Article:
January 27, 2015 -
A new on-the-job tracking system at the airports in Montreal, Toronto and Halifax that require Air Canada baggage handlers to scan their fingerprints to clock in and out of work has been met with a considerable backlash, according to a report by CJAD 800 AM.
An Air Canada spokeswoman told La Presse the biometric time attendance system is widely used throughout the industry, adding that the airline introduced the technology to boost security and replace obsolete equipment.
Some employees have said that their supervisors told them that if they did not comply with the fingerprint scanning, their employment would be terminated.
Additionally, employee complaints that argued that the system invaded their privacy were continuously ignored.
The union representing the employees said that its members are not opposed to providing their fingerprints to the RCMP or Transport Canada, but feel that Air Canada’s threats of firing them if they do not comply with fingerprinting is going too far.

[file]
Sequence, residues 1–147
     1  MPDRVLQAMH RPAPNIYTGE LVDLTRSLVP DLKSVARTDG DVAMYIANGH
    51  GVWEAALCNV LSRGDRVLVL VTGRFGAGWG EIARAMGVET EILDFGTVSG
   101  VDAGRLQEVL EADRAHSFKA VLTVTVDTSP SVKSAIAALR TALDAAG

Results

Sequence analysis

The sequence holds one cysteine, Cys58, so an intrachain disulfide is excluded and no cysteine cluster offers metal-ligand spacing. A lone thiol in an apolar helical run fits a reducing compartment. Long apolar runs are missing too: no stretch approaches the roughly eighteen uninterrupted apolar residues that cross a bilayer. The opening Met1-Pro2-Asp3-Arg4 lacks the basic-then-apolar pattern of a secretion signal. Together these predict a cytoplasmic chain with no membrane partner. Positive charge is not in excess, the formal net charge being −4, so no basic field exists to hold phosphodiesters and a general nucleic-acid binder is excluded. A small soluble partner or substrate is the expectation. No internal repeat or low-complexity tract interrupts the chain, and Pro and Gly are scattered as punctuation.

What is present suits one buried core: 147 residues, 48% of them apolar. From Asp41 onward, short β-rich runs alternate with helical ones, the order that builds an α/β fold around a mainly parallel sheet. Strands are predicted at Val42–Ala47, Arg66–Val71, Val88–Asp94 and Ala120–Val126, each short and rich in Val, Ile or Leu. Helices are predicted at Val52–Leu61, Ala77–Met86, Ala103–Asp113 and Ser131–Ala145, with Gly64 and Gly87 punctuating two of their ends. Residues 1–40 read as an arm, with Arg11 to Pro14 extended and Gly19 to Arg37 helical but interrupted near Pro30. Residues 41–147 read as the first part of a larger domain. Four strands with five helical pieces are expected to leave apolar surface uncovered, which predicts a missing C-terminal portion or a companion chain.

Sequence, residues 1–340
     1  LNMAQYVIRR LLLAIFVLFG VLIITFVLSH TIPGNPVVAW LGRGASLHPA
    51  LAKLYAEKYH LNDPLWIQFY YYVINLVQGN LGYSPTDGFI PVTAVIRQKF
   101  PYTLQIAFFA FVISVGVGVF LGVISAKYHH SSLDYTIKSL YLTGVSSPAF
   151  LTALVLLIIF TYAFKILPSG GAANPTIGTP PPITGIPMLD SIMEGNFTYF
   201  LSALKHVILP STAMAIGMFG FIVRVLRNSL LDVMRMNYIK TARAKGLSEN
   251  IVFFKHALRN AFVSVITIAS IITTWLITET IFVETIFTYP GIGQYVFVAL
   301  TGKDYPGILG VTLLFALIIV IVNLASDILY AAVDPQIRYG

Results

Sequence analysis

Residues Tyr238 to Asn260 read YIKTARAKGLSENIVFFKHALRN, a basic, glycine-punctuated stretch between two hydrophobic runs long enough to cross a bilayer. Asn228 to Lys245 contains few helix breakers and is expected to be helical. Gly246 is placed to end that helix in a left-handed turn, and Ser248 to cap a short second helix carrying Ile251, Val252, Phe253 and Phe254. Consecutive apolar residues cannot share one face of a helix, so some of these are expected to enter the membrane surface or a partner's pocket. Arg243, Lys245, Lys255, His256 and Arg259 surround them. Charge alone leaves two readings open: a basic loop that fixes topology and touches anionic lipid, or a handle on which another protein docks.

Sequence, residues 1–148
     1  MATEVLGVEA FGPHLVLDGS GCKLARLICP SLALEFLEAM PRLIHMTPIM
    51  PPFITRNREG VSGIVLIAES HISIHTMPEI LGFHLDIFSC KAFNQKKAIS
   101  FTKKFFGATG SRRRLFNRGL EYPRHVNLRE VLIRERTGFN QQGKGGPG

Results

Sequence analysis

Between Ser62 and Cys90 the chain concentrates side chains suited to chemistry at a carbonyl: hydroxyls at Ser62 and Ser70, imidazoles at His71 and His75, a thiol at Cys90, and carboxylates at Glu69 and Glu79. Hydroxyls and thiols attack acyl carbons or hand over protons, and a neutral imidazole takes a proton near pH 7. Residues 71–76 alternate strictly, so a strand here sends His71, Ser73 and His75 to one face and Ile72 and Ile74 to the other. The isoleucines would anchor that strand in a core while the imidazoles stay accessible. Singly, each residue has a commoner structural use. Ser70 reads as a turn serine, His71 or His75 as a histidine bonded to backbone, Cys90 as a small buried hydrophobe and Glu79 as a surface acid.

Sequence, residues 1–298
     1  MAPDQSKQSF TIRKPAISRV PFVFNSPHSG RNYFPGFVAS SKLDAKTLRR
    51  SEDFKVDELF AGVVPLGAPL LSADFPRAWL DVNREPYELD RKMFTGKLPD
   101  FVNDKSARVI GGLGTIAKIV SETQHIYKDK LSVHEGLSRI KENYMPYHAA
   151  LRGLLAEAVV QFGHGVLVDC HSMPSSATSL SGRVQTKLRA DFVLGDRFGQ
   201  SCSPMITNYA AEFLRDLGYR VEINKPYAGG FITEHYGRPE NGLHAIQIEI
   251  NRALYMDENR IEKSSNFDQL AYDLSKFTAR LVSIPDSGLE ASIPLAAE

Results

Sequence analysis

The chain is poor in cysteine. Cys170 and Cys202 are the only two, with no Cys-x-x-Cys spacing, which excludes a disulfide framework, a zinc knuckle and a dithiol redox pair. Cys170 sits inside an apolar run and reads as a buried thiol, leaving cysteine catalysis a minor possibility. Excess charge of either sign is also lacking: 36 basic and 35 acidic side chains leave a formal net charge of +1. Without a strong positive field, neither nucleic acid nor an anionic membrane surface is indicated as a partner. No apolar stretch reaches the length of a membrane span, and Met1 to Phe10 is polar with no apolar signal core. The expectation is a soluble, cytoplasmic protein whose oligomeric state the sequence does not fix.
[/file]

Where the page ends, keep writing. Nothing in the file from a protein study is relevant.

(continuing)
The union has officially filed a grievance and numerous privacy complaints.
According to a report by The Globe And Mail, it`s not clear the airline is doing anything illegal. A decade ago, Canada’s federal privacy commissioner established broad criteria for biometric workplace measures relating to voiceprint and GPS tracking technology.
The laws state that the employer must demonstrate a need for collecting their employee’s biometric data, it does not use the data for any other purpose, it protects the data, notifies employees in advance that it is collecting the data, and provides employees with access to their data.
Though some may argue that fingerprinting is relatively non-intrusive, it is a tactic that is popularly used by police to monitor criminals.
Additionally, there are far less invasive options available to companies for tracking their employees work activities and audit their hours.